Tag Archives: classroom management

Michael Grinder and ENVoY

Dan Dundon introduced me to Michael Grinder this past Friday.  His web page has a video about “Six Wrong Ways to Make the Right First Impression (paper, PDF)”. 

Amazon lists some books by Grinder (as author or co-author).

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Product Details

SPU Library (or affiliates – WorldCat) has a few more in addition to the above.

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“Classroom Management” Due Oct 26

Assignment from Syllabus

Classroom Management (1 class period, not Mentor teacher)

You should observe one entire class period. You should not observe your mentor teacher. Prior to the observation, you should discuss with the teacher their classroom management plan. Describe the observation period. What techniques for classroom management were used? Based on your pre-observation conference, was the classroom management observation what you expected? What techniques were effective? Ineffective? What could have been done differently?

I observed Mr. L.’s class on Monday 10/25 from 11:30 to 12:15 for some perspective on classroom management.  I have spent some time in this class before and am familiar with the students and some of their behaviors.

What’s the plan?

Prior to class I asked Mr. L. what his classroom management plan was.  Mr. L. has the following A B C D poster in his room (reproduced below from here)

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He described his approach as mostly organic, especially at this point in the year.  Like many teachers, Mr. L. had started off strict and as successes or problems have arisen he has either relaxed or adjusted his approach, respectively.  I have seen him ask students pointedly during infractions which level of participation they were demonstrating from Anarchy to Democracy and achieved the desired affect which was the student being able to label their current behavior, and acknowledge that is it at variance to the standard the class was striving towards. 

Observations.

The class (a groups of approx. 17 freshman) was discussing a plan for their Exhibitions (a review / assessment of their work done 3 times a year).  As Mr. L. was discussing with students a student Jo. came into the classroom.  Mr. L. immediately expressed his disapproval that the student should be coming into class 10 minutes late.  Mr. L. verbal comments, tone, and facial expression were succinct and to the point, namely that he expected the student to be on time in the future and to start participating.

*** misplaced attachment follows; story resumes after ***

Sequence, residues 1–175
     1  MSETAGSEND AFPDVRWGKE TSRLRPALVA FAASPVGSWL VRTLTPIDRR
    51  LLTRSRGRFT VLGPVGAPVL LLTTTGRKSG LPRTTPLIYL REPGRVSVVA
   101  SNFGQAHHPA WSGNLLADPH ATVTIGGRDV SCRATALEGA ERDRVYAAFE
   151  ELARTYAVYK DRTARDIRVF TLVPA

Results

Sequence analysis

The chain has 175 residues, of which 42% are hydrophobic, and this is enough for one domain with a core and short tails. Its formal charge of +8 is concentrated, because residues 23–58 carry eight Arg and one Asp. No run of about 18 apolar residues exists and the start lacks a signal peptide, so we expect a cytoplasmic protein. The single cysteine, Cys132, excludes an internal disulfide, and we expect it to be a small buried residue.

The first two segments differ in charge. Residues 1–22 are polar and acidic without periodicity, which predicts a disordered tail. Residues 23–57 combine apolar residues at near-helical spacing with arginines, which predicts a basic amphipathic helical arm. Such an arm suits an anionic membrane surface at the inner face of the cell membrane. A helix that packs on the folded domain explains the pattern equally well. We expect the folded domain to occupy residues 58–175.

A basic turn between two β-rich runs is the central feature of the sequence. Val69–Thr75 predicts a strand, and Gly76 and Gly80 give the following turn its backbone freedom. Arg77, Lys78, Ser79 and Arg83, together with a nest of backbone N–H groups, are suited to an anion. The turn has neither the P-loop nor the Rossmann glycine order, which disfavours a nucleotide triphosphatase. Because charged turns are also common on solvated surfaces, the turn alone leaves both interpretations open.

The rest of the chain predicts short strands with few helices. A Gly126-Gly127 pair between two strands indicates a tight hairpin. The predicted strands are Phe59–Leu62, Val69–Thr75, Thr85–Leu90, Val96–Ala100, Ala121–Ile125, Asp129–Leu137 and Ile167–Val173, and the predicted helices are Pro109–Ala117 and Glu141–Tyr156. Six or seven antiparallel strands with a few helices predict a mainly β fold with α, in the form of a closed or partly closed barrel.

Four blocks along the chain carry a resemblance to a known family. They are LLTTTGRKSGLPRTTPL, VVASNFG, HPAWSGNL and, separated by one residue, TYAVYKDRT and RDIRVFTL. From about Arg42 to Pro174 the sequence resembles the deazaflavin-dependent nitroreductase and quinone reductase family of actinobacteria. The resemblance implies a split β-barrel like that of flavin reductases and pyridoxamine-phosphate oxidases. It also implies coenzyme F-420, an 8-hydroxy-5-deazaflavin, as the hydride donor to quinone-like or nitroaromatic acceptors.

The class was arranged in a circle and Mr. L. was doing most of the talking.  He later asked a student JuF. to read a couple paragraphs for him.

Most of the students were engaged in the discussion, but one student JuM. was slinking away from the group to get back to a workstation (along the walls) and start fiddling with the mouse and keyboard.  This student was located in close proximity to Mr. L. (normally a good approach to keep someone on task), but was also located in Mr. L.’s blind spot, i.e. not in Mr. L.’s direct line-of-sight.  Mr. L. was completely aware of JuM. was doing, gave a few stern looks of disapproval, which did not deter the student to correct their lack of participation.

As the discussion part of the class ended Mr. L. put the students into groups to work on a worksheet that would form the basis of a plan towards each student’s Exhibition in 2-3 short weeks.  Mr. L. sat with a group of female students that are quite close in the class, while I sat with a student who seemed to be stressed out, and another instructional aide sat with some other students.  That arrangement seemed to keep most easily-distracted students on task and allow for more progress to be made by more students.

Expected vs. Unexpected?

I found the actions of Mr. L. consistent with his plan.  He didn’t call out the late student unnecessarily, and his words/tone/glance of disapproval does communicate without too much disruption of class flow, namely that he has higher expectations of that student.

It was unexpected to me that the student slipping away to get back on the computer was allowed to do so.  I think, based on my other experiences in the classroom, that this student’s lack of motivation and participation are a challenge for Mr. L.  I did hear this student contribute verbally to the group discussion this period, something I hadn’t seen in all my prior observations in that class.

Effective vs. Ineffective?

I think Mr. L.’s communication with the late student was effective, in communicating that lateness was unacceptable.  However, I think this student was perhaps not fully integrated into the group’s circle upon arrival, and thus I don’t believe he contributed for the remainder of the class.